The above listed items are extremely important to have with you if you evacuate. When you return home, there could be law enforcement or military officers requiring this information. In addition, if your home happens to be destroyed, this information will be needed by your insurance company. Also, I recommend keeping the original documents in a safety deposit box or a fire safe and give another copy of the information to a family member you trust.

8. Cash

I cannot stress enough how important it will be to have cash on hand. If an evacuation is called by the governor, then the banks will close. Everyone will be making an ATM run, and they do run out of money fast. I stash cash throughout the year just to avoid last minute runs to grocery stores and ATMs during natural disasters. Read more on this subject here.

While this is not a complete hurricane preparation list; it covers how to prepare before a storm enters the gulf. I recommend using the usually quiet month of June to address this list. You can add a few items to each grocery list, and it won’t be financially overwhelming. Stay safe! Stay prepared!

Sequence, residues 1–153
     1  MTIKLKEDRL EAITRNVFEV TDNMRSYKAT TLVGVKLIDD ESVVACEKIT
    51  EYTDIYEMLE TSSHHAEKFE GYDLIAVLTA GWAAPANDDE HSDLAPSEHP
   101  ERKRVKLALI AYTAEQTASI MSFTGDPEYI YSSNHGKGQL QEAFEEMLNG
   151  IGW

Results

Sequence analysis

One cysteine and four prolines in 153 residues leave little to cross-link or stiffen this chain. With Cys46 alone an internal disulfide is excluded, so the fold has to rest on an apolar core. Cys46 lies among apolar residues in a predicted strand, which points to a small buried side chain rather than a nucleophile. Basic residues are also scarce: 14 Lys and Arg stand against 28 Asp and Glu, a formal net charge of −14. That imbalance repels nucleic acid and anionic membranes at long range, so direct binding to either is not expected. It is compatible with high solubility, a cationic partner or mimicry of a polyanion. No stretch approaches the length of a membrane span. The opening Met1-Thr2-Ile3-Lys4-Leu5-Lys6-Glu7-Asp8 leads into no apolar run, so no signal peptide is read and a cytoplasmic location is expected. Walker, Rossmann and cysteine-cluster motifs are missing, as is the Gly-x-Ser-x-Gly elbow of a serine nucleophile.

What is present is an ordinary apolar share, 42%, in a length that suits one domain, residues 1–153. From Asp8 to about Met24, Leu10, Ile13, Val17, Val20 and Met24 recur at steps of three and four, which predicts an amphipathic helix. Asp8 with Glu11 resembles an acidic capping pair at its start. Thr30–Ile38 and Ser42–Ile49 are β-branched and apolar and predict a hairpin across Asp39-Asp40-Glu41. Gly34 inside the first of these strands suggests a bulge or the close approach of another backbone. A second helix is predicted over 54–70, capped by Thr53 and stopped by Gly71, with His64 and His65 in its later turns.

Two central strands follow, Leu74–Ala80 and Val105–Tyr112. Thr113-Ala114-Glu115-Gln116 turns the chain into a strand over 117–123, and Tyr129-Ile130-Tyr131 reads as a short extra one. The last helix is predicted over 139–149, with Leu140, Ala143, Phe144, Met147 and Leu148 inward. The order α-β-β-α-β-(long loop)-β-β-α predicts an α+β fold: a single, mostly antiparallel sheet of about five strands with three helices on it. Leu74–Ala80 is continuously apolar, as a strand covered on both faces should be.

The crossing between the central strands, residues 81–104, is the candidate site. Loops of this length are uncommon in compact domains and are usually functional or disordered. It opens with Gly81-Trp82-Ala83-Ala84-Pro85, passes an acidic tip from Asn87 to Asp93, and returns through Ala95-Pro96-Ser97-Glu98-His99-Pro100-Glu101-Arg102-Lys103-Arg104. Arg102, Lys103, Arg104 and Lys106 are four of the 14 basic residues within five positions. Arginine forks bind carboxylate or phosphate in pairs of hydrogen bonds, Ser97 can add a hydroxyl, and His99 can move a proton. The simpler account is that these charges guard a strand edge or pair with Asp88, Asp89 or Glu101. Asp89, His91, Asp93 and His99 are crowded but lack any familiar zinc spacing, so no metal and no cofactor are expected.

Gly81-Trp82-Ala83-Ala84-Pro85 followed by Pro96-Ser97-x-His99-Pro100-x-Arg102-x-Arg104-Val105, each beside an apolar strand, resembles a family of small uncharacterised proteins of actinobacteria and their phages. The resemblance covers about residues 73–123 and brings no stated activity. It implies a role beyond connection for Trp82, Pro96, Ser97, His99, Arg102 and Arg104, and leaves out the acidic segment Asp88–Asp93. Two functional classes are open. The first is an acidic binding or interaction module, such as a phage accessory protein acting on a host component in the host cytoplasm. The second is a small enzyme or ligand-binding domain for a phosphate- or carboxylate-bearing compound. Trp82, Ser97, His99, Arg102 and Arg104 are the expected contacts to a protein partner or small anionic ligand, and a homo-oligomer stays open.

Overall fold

Additional Reading:

A Green Beret’s Guide to Hurricane Season Preparedness

Essential Hurricane Preparedness Skills You Need to Know Before the Next Storm Arrives

Hurricane Preparedness for Tech Gear

72 Hours Without This Will Kill You: Survival Water Fundamentals

Last Minute Preparedness: How To Prep For Sheltering in Place

This article was originally published at Ready Nutrition™ on May 24th, 2021